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What is Stammering / Stuttering?

Stammering and stuttering are two different words that are used to describe the same condition. Generally speaking 'stuttering' is used more commonly in North America and Australia, while in Britain we tend to use the word 'stammering'.

We do not know what causes stammering, but research shows that a combination of factors is involved. Stammering affects four times as many men as women. Statistics show us that approximately 500,000 plus adults in the U.K. stammer, which is about 1% of the adult population.

It is vital to recognise that everyone who stammers is different, and stammers differently. Everyone is an individual and any therapy or training must respect your individuality. Therefore, every person who stammers is potentially an expert on their own stammering. Recognising and always respecting these very important facts is the foundation to The Starfish Project and its success in helping people in their recovery from stammering.

Stammering is a disorder of fluency that is characterised by various behaviours that interfere with the forward flow of speech. While all individuals are disfluent to some extent, what differentiates stammerers from non-stammerers is the frequency of their disfluency and/or the severity of their disfluency. However, the other factor that differentiates stammerers from non-stammerers is that almost invariably the disfluencies that the stammerer regards as "stammering" are accompanied by a feeling of loss of control. It is this loss of control, which can't be observed or experienced by the listener, that is generally most problematic for the stammerer.
(This excellent short definition of stammering was written by Robert W. Quesal, Ph.D.Western Illinois University and is reproduced here with his permission.) his web site is :- www.wiu.edu/users/mfrwq

Stammering - is generally characterized by repetitions (sounds, syllables, part-words, whole words, phrases), pauses, and prolongations that differ in number and severity from those of 'normally fluent' individuals.Whilst other disorders are characterised by disfluent speech, the patterns of disfluency in these other disorders differ from that seen in developmental stammering.

Stammering - however, is not simply a speech difficulty, it is a serious communication problem. It can undermine a person's self-esteem; affect their interaction with others; impede their education and seriously hamper employment potential.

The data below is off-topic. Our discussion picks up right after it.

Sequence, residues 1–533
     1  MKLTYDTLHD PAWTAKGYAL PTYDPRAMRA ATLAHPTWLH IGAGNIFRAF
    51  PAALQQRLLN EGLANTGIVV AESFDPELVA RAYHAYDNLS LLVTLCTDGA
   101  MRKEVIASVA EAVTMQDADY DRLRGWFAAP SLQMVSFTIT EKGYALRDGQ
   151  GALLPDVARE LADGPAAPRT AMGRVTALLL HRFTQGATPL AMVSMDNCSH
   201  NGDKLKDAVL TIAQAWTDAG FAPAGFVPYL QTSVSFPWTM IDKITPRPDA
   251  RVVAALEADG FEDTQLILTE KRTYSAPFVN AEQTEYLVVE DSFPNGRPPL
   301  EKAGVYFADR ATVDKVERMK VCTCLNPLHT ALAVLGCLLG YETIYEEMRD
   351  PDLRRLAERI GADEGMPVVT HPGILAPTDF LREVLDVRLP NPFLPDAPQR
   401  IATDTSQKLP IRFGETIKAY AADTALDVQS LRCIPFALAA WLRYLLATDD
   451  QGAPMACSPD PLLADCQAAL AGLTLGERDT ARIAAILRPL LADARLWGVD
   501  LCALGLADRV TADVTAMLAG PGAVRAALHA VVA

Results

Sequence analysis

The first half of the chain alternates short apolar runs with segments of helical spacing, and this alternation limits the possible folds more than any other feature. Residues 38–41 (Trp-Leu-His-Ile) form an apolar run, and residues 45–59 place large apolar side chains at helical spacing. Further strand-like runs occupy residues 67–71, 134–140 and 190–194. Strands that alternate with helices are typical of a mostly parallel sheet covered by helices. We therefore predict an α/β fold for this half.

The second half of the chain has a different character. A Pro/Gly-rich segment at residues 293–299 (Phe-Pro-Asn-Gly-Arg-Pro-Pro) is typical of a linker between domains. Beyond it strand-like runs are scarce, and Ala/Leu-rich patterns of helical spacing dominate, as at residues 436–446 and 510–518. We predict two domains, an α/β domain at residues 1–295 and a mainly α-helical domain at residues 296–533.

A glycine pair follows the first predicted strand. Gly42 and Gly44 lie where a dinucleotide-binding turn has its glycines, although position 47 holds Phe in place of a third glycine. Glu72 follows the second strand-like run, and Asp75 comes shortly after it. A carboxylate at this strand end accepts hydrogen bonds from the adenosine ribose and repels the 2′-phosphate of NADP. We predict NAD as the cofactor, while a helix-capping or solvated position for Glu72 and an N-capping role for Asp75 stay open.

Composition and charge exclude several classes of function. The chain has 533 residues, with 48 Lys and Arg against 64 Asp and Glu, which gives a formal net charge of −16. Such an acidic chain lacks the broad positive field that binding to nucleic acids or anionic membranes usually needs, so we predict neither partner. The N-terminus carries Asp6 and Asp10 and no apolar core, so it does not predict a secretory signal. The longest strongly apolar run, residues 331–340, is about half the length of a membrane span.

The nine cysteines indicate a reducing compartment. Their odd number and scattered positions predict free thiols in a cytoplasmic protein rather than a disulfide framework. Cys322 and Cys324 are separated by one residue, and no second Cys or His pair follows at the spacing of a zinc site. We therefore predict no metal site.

Stammering Facts

  • Stammering and stuttering are two different words that are used to describe the same condition.Generally speaking 'stuttering' is used more commonly in North America and Australia, while in Britain we tend to use the word 'stammering'.
  • Stammering is universal - in all countries of the world and all groups equally.
  • There are an estimated 500,000 plus adult stammerers in the UK that is 1% of the adult population, over 3 million stammer in the USA and some 45 million in the world.
  • More males than females stammer a ratio of 4 or 5 to one.
  • Stammering in nearly all cases begins in childhood -- from 2 to 5 when language is being learned. It cannot be said to begin at birth.
  • There is no known cause, certainly no single cause for stammering but a combination of different factors are involved.
  • Stammering varies from time to time -- Cyclic variation.
  • Fluency is never perfect for anyone, just listen closely to the dysfluency of most so called 'fluent' speakers.
  • Recoveries are never quick -- rather gradual, with ups and downs.
  • There are no special or impossible words or sounds for stammerers -- only those which have become feared.
  • 'Authority' figures are usually most difficult to talk to ( headmaster syndrome).
  • Time pressure increases stammering.
  • Demands for explanations increase stammering.
  • Excitement, confusion, fatigue and uncertainty, increase stammering.
  • Stammering is influenced by behavioural factors but it is NOT caused by an emotional problem or a nervous disorder.
  • Praising fluency does not help; it implies that stammering is bad.
  • No two stammerers are the same, everyone who stammers is different and stammers differently, all stammerers are individuals and deserve to be treated as individuals.
  • At this time all leading experts agree, that , unfortunately, THERE IS NO CURE FOR STAMMERING, and people who stammer should beware of and avoid any therapy that offers a CURE.

However, there is therapy available from The Starfish Project that provides sustainable and effective solutions for controlling stammering (stuttering).

AND BY THE WAY

Stammering / Stuttering IS NOT caused by :-

  • The mother eating incorrect foods when breast feeding the infant.
  • Allowing an infant to look in the mirror.
  • Tickling the child's soles of the feet.
  • Cutting the child's hair before he/she says his/her first words.
  • The mother seeing a snake during pregnancy.
  • The mother dropping a baby.
  • The child being scared as a baby.
  • The child being bitten by a dog.
  • The work of the devil.

And a hundred and one other stupid old tales.

There is no known cause, certainly no single cause for stammering, but a combination of different factors are involved.

THERE IS NO CURE FOR STAMMERING .

People who stammer should beware of and avoid any therapy that offers a CURE. However, there is therapy available that provides sustainable and effective solutions to control stammering (stuttering).